If your hands and feet always seem to be cold, try these simple measures to keep warm:
� Wear warm clothes
This will keep your whole body warm and help maintain circu-lation to your hands and feet. Layer clothing for indoor as well as outdoor wear. Try wearing a long-sleeved, silk camisole or shirt under a blouse or sweater, topped by a wool jacket for in-door dress. Use warmth-conserving fabrics such as silk, wool or down, or synthetic fabrics such as polypropylene or Thinsulate.
During activity, small, surface blood vessels dilate and more warm blood flows to your hands and feet. The effect can last for several hours.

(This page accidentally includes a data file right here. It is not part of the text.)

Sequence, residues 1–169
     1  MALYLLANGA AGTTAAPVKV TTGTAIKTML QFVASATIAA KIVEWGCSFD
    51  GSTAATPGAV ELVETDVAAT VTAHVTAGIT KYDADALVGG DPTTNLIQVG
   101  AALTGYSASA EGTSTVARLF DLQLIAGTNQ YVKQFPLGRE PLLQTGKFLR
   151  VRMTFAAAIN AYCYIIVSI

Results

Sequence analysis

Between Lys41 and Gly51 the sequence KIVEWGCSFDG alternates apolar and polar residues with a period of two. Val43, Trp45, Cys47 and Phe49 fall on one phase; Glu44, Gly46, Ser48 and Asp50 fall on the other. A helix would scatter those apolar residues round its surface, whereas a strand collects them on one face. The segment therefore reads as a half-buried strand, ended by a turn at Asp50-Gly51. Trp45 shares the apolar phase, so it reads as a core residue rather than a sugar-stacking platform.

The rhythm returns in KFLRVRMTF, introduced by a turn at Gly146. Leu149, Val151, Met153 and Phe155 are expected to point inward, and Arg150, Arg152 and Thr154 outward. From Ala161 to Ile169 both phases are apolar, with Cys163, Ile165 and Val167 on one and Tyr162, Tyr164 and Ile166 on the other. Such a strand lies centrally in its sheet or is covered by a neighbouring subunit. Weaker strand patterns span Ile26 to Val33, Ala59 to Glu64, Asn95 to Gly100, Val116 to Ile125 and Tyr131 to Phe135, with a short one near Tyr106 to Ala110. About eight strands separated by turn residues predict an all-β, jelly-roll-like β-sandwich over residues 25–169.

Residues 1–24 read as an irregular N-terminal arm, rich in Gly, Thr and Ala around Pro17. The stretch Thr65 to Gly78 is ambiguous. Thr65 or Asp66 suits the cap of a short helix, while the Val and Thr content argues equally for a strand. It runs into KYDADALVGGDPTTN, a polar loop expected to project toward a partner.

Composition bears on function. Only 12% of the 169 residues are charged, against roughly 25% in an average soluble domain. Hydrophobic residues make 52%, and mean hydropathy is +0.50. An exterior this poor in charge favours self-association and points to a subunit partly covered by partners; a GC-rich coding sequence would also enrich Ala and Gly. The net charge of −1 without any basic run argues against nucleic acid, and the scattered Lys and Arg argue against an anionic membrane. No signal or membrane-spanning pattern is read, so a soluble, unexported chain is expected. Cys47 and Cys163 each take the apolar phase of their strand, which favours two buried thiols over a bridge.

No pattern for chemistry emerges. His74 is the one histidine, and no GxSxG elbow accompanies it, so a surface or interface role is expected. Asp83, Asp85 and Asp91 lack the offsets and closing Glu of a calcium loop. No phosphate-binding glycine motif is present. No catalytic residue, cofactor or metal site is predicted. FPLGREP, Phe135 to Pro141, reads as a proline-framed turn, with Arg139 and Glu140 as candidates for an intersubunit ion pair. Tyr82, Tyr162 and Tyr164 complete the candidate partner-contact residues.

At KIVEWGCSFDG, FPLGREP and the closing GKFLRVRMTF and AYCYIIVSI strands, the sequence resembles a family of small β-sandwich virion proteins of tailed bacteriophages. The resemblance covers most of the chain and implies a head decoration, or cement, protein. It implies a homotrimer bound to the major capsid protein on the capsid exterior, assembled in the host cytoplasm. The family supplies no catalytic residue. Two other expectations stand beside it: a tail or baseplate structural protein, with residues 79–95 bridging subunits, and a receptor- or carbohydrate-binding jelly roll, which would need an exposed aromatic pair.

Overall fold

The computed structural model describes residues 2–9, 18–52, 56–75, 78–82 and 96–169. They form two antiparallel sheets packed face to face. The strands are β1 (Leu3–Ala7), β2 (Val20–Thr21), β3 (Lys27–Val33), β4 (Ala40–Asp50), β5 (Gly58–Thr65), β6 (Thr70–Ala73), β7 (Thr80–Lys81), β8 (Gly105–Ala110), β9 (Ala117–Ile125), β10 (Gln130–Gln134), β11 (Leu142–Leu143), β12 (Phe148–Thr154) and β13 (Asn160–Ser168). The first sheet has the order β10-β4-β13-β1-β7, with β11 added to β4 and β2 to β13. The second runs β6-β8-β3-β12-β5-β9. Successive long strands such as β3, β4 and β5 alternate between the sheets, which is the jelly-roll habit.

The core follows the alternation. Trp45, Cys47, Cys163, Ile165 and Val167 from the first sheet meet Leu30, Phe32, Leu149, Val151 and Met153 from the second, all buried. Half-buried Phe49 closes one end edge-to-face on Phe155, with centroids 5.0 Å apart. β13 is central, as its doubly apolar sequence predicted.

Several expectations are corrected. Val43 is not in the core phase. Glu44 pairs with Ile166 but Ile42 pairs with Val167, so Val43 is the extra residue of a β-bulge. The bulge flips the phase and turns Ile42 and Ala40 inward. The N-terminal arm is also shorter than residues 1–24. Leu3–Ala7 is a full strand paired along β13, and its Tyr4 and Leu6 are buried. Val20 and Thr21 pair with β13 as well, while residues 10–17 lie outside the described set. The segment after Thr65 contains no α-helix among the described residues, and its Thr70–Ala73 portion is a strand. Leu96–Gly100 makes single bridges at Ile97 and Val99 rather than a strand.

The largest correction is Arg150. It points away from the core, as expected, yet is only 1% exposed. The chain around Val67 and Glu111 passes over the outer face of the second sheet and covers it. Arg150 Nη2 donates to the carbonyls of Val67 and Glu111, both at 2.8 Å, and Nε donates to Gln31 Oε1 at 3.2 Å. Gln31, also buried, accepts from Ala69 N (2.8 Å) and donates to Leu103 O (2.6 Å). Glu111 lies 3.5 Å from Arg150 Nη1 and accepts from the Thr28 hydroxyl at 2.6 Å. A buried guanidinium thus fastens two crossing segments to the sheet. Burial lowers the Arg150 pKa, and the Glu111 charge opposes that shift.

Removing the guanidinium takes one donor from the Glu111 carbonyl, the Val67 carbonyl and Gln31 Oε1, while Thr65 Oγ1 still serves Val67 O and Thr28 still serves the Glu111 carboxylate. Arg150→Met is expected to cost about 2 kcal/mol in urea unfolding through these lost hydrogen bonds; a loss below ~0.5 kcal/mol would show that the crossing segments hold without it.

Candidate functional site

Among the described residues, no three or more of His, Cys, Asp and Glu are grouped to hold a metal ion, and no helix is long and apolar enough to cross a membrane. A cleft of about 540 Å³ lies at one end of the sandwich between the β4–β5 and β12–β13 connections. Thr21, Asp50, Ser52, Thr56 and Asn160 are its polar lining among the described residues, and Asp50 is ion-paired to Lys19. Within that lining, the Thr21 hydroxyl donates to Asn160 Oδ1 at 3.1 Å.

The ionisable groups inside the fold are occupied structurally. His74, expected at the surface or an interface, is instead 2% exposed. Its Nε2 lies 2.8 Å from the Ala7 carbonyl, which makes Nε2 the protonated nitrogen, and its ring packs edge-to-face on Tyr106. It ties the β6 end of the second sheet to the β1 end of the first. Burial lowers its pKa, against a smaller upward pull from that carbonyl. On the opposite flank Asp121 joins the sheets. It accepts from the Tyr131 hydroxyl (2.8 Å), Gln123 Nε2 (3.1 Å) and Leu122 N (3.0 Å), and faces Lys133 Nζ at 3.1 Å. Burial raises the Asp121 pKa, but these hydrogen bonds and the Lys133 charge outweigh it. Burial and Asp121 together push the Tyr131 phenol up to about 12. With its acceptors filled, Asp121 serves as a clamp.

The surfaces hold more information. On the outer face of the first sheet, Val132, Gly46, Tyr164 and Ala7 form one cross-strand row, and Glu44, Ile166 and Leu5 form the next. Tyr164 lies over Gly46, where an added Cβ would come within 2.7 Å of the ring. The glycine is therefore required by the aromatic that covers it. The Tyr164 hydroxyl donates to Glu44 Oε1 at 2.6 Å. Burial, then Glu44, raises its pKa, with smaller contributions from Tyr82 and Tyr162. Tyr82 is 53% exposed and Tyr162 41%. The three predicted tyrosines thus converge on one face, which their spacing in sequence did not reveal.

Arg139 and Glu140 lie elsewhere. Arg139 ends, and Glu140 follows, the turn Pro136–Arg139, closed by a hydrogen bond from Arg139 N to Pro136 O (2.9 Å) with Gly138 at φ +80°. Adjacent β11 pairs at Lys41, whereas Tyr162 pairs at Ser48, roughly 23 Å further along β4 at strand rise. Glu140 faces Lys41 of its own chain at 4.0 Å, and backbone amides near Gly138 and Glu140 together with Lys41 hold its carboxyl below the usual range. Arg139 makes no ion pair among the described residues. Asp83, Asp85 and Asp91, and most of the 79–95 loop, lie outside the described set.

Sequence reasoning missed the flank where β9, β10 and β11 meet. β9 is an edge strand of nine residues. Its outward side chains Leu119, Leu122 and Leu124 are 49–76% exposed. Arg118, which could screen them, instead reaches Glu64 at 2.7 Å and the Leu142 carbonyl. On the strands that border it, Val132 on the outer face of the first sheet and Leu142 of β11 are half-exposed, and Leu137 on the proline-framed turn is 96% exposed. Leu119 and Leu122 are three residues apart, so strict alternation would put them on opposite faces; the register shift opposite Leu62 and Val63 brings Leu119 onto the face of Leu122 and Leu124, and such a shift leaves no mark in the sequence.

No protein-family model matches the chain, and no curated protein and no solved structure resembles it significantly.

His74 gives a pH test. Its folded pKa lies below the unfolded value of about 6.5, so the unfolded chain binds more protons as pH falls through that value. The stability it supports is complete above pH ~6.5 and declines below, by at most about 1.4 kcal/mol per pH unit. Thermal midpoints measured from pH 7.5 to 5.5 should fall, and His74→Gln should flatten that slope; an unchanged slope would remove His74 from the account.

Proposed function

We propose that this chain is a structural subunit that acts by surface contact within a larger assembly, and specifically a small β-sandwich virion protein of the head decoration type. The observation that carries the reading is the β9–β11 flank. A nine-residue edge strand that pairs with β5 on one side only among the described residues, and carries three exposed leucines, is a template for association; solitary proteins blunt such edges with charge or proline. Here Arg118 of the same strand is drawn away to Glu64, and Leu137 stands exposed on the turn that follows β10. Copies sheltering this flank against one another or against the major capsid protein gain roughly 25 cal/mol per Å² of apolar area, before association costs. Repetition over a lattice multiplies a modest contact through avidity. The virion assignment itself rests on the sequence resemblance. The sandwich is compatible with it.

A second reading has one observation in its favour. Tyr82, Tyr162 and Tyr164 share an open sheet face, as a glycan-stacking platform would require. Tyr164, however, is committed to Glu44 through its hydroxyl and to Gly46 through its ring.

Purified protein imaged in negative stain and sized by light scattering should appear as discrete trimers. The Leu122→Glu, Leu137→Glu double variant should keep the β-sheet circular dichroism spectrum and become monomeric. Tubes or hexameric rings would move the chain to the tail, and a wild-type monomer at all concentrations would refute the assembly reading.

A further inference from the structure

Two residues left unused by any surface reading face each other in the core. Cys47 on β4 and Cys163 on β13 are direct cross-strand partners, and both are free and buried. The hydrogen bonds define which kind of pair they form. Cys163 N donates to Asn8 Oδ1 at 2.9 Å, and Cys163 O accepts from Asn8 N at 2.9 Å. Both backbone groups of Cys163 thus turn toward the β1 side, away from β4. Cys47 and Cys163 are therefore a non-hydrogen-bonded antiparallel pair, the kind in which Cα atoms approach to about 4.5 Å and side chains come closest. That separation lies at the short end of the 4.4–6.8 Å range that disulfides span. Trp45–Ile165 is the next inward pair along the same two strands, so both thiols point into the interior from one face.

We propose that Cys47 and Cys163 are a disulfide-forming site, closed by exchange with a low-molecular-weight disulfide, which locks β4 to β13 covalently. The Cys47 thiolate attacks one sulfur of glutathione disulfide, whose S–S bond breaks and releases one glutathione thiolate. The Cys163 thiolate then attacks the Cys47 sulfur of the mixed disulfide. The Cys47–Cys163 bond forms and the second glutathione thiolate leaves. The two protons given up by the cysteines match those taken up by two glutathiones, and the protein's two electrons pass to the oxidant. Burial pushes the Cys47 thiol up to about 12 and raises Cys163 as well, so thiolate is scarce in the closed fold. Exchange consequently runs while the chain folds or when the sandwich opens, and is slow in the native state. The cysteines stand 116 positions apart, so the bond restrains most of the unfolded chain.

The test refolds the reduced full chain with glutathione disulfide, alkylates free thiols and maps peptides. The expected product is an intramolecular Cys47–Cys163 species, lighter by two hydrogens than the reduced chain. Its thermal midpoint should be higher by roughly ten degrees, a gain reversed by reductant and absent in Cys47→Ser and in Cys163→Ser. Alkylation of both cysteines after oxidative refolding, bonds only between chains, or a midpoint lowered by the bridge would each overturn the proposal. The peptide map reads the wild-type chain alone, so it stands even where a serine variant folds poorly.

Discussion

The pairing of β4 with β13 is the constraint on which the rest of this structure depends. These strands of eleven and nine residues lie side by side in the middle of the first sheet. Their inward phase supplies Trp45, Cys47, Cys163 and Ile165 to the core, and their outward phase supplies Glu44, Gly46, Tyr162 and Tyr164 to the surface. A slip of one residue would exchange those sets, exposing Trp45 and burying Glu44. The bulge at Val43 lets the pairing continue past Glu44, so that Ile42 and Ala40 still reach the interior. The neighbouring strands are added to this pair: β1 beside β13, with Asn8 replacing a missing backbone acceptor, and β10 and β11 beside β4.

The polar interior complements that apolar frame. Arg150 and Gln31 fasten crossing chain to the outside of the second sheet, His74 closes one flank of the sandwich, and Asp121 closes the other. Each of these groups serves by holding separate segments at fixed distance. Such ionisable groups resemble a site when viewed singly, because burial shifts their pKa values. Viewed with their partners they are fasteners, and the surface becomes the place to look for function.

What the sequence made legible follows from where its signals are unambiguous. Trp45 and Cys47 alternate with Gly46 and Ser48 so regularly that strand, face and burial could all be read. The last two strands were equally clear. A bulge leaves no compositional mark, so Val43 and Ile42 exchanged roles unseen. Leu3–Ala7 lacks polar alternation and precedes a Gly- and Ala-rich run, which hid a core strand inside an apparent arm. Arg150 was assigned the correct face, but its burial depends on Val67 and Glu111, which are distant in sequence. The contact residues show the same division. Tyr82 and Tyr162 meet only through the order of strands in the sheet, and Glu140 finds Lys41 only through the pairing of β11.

� Avoid nicotine and limit caffeine
Both are vasoconstrictors that narrow blood vessels and reduce blood flow to small, surface vessels.
� Avoid certain medications
Certain migraine medications with ergot derivatives and beta blockers such as propranolol act as vasoconstrictors and may cause cold hands and feet. If you suspect that a medication might be causing such symptoms, talk with your doctor, but don't make changes to your medication regimen without your doctor's advice.
� Reduce stress
Tense, high-strung people seem more likely to have cold hands. Chronic stress and anxiety can cause your nervous system to continually pump out adrenaline. This hormone also acts as a vasoconstrictor.